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High school championships bring millions to Madison

By Dannika Lewis,
Published On: Mar 03 2014 01:35:46 PM CST
Updated On: Mar 03 2014 02:48:47 PM CST

The Madison Area Sports Commission says state wrestling brings more than $5 million to the area. During WIAA championships in March alone, visitors spend about $15 million in Madison and surrounding businesses. Dannika Lewis reports.


On the weekend of high school wrestling championships, the Nitty Gritty is the closest place to get inside and grab a burger.

The restaurant's owner, Lee Pier, said this is just the beginning of a big month of profits.

"Brings March Madness to the Madison area," Pier said.

Pier said the Saturday of the WIAA wrestling tournament would not be nearly as busy without the thousands of athletes and fans who swarm the city.

“I think the community rises up and puts on a good show for the citizens around the state of Wisconsin,” Pier said.

Jamie Patrick with the Madison Area Sports Commission said state wrestling brings more than $5 million to the area. In all, during WIAA championships in March alone, visitors spend about $15 million in Madison and surrounding businesses.

"It's good for our county, it's good for the city, and it's really just fun to be a part of. It's cheap entertainment. It's fun entertainment. It's family-oriented," Patrick said. "And you know, you could be 90 years old and remember high school like it was yesterday, and so, you still cling to that excitement and you want to go support it."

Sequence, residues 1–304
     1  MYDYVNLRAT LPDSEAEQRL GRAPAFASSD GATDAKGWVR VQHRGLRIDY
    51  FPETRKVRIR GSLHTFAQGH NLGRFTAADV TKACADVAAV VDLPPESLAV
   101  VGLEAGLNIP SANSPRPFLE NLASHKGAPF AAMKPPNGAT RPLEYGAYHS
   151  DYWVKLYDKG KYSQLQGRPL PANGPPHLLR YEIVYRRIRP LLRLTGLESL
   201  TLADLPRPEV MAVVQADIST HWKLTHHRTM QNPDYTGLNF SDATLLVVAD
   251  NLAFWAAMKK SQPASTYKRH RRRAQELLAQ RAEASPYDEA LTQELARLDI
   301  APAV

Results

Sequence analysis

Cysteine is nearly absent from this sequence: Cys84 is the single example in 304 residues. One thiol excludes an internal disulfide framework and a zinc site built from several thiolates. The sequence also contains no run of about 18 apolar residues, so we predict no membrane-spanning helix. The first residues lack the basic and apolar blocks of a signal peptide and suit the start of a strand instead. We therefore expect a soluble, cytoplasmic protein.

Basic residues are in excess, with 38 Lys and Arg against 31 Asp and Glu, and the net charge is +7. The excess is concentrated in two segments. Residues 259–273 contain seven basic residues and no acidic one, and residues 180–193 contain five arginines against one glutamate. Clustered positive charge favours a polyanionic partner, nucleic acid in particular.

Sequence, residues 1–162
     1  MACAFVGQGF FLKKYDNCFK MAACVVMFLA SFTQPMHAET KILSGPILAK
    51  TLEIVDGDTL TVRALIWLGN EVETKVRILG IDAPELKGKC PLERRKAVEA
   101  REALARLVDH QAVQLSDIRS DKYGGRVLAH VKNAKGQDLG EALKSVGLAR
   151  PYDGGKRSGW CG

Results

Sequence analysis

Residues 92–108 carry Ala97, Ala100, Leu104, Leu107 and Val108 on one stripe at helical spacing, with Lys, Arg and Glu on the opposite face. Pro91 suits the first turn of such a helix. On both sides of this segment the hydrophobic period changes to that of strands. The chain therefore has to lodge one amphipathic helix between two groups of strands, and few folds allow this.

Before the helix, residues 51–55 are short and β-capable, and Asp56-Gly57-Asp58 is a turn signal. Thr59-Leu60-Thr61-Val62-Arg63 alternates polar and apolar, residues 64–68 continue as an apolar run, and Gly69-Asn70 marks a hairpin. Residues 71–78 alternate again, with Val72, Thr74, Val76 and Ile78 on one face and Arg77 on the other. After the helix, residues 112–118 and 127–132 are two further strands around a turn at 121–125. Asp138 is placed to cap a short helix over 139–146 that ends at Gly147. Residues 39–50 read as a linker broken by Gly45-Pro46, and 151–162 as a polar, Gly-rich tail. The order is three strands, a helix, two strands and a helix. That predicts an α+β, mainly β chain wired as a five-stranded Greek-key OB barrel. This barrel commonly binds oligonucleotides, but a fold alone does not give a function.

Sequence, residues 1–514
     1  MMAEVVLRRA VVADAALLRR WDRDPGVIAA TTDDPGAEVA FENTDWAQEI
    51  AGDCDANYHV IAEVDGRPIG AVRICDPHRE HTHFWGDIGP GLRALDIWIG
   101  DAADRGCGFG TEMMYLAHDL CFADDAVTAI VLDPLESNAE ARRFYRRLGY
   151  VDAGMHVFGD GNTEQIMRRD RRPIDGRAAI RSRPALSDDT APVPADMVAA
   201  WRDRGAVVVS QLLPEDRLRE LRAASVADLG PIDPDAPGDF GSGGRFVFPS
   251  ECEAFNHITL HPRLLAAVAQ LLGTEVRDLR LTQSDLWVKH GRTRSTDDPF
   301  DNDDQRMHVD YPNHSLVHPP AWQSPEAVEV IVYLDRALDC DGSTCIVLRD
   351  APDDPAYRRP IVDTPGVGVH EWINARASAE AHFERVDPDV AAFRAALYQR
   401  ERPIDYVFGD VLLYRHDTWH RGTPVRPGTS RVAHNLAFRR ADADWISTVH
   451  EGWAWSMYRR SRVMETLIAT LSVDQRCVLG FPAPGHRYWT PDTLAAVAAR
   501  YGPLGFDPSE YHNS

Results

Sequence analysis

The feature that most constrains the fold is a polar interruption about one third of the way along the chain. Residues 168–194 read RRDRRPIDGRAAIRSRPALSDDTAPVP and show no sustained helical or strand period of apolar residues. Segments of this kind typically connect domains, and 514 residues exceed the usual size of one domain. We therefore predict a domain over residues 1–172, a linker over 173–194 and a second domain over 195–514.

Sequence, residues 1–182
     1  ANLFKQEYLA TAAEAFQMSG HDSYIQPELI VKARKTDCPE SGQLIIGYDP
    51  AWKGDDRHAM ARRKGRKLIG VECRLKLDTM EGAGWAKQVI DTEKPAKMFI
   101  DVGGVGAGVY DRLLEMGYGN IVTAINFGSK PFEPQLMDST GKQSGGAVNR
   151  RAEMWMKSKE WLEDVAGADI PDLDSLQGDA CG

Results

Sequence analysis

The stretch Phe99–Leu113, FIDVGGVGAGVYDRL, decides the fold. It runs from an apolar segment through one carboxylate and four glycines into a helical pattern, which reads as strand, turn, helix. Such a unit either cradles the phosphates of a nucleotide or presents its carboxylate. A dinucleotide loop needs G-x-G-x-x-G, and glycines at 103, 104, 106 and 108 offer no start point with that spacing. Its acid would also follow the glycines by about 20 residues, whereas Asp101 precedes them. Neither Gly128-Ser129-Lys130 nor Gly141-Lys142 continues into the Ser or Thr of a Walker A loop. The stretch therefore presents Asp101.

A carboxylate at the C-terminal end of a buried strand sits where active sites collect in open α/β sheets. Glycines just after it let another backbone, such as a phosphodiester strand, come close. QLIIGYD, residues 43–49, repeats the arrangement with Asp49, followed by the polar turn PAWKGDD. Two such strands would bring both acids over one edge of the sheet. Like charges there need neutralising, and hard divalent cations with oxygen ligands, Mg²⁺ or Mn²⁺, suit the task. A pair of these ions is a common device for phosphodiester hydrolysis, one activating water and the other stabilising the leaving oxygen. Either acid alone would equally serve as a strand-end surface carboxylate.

Last year, the WIAA girls basketball tournament was moved to Green Bay, taking about $3 million in revenue with it.

"We were certainly disappointed that the girls left. We understood sort of the reasons that it happened, but it does put a void in our calendar because the girls are an important tournament, and it's a fun tournament too, and it's a great tradition," Patrick said.

Patrick doesn't anticipate any of the other 15 WIAA championships Madison hosts to leave the city, but said the commission is stepping up to offer even better customer service to those visiting for the games.

Patrick added when and if other championships are moved elsewhere across the state, the city looks for other events to replace them. However, Patrick said it is difficult to find a comparable event.

"With the tradition and the history we have, people have it on their calendars to come for the WIAA," Patrick said. "So it's really hard to replace that tangibly or intangibly, but you can look at other ways to sort of supplement it."

For more information on the WIAA championships coming to Madison, visit

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